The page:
New York Investors Move to Target Israeli Startups

wall streetBy Paul Grossinger

“Everybody is now interested in Israeli technology,” said Yoav Lietersdorf, the Israeli venture capitalist, in comments to Bloomberg this summer on why Israeli startups are expanding more rapidly to the United States. The next step for that expansion should be the Big Apple.

New York is fast becoming a global hub of technology startup innovation and, while it has been a long time coming, New York investors are finally beginning exciting new initiatives targeted specifically at the exciting Israeli startup market.

The recent success of Israeli startups, represented most prominently by Google’s spring acquisition of Waze for a tantalizing $1.1 billion, has got New York angels and venture capitalists, many of whom have significant personal and philanthrophic interests in Israel, interested in diving into the market.

New York investors’ interest in Israeli startups is part of a slow, but growing, trend of interest in international companies. Foreign startups, or startups with international co-founders, have been funded in increasing numbers this year by tri-state angel groups, a trend of which I myself have been a beneficiary as my own startup, Pervasive Group’s MMGuardian, which has two international co-founders from China and England, was funded by Jumpstart New Jersey and Delaware Crossing Investor Group. But no other country’s startups have piqued New York investors’ interest quite like those of Israel and there is an exciting back-story to why the “Startup Nation” now captivates the New York investment community.

The Big Apple itself planted the seed with its choice of the Technion-Cornell University partnership for its new entrepreneurs’ campus on Roosevelt Island. The partnership, which beat out Silicon Valley heavyweight Stanford, brought new, positive scrutiny to Technion University and many of the startups it has produced in the past decade. That interest, in turn, spawned new relationships between New York investors, many of whom backed the Roosevelt Island project, and Israel’s top incubators, including the relatively new Google and Microsoft accelerators, IDC Elevator, and the HiCenter.

The seed grew with this year’s New York mayoral delegation trip to Israel this past March. The delegation, which included prominent New York Angels, venture capitalists, and seed-stage investors, visited Israel’s most prominent accelerators and universities, including, of course, the Technion, and cemented many of the informal relationships that began forming after the Roosevelt Island decision in 2011.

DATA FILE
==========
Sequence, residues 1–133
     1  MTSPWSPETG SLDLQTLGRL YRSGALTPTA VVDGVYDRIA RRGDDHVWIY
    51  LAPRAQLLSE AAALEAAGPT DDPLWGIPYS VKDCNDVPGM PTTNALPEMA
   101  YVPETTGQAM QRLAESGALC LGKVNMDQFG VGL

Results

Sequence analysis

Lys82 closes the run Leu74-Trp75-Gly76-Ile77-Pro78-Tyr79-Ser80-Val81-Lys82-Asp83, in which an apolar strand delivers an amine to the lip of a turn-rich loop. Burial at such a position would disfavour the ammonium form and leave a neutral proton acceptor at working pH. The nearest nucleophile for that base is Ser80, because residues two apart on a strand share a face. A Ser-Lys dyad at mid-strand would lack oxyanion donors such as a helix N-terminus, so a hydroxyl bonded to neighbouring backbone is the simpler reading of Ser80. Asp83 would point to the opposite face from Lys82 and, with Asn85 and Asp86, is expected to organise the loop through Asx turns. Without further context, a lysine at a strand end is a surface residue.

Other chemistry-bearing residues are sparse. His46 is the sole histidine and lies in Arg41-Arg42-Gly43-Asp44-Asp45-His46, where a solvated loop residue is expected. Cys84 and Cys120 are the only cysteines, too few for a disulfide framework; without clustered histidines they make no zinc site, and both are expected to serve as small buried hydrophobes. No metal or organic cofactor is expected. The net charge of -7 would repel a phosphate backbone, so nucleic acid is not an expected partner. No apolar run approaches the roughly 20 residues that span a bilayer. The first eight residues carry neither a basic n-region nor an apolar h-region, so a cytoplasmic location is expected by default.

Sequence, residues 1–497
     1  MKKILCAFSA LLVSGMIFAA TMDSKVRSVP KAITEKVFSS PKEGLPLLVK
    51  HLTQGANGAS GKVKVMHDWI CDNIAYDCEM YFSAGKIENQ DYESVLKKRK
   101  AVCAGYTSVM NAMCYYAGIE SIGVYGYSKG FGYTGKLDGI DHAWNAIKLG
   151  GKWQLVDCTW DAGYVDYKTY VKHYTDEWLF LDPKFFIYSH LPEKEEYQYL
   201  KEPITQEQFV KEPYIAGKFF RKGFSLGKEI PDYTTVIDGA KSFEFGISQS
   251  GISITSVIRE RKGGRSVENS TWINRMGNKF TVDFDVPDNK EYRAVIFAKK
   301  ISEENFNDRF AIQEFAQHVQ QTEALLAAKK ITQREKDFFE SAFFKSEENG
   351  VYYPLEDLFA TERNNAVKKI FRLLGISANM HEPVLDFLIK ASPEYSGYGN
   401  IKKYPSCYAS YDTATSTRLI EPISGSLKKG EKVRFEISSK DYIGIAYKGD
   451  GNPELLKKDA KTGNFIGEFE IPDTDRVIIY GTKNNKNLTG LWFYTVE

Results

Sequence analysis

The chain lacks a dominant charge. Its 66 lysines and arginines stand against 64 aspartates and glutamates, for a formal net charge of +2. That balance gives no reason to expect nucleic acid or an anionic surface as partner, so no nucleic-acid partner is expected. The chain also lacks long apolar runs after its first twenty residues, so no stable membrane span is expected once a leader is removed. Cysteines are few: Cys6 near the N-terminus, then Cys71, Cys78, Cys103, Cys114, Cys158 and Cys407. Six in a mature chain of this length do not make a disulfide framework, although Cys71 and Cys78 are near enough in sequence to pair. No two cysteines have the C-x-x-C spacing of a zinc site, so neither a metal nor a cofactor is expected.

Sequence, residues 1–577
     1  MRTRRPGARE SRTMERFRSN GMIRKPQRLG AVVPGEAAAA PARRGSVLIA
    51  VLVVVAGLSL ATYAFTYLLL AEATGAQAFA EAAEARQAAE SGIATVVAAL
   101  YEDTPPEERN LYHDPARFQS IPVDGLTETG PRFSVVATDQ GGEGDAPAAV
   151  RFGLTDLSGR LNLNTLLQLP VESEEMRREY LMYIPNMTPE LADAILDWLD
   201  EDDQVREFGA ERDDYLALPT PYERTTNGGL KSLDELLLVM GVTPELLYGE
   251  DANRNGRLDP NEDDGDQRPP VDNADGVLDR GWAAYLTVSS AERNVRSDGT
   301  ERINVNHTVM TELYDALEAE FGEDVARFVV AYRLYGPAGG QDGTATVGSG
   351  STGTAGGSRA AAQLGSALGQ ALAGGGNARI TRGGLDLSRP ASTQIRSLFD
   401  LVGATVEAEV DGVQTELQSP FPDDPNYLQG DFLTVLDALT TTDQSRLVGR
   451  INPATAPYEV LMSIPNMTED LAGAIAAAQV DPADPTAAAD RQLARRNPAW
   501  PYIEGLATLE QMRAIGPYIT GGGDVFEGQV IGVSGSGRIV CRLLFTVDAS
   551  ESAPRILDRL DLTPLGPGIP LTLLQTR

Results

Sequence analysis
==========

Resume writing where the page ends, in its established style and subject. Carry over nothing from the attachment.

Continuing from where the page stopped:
Recently, that interest has exploded into action. Examples abound: Dreamit Ventures, which hosted its accelerator demo day last week, launched several exciting Israeli startups. These included Mimoona and Instrumagic, which demoed for a large investor audience. Tanya Low of Starfarm Ventures is recruiting Israeli companies with the offer of funding and accommodation in New York City. New York Angels’ Israel Investment Committee, on which I sit, is now working with angel and venture partners to host Israeli and other international companies in investment-oriented summit events during the late fall of 2013 and throughout 2014. The US-Israel Business Council recently hosted an investor event for fifteen Brazilian and Israeli startups where the companies raised a collective $1 million afterword, and plans to host a follow-on event October 7-9, 2013 that will feature fifteen more companies with the goal to raise several million dollars in capital.

What will become of this flurry of activity? When the dust settles, no one knows exactly which events and partnerships will be successful and which Israeli companies will make it in the Big Apple. But one thing is clear: New York investors, after slow interest for nearly a decade, are now deeply interested in Israeli companies. One way or another, the Startup Nation will find a home in the Big Apple.

Paul Grossinger is a New York City mobile technology entrepreneur, angel investor, and accelerator mentor as well as co-founder of Pervasive Group, Inc., a mobile-security software company. He is a member of The Cline Group’s Advisory Council.

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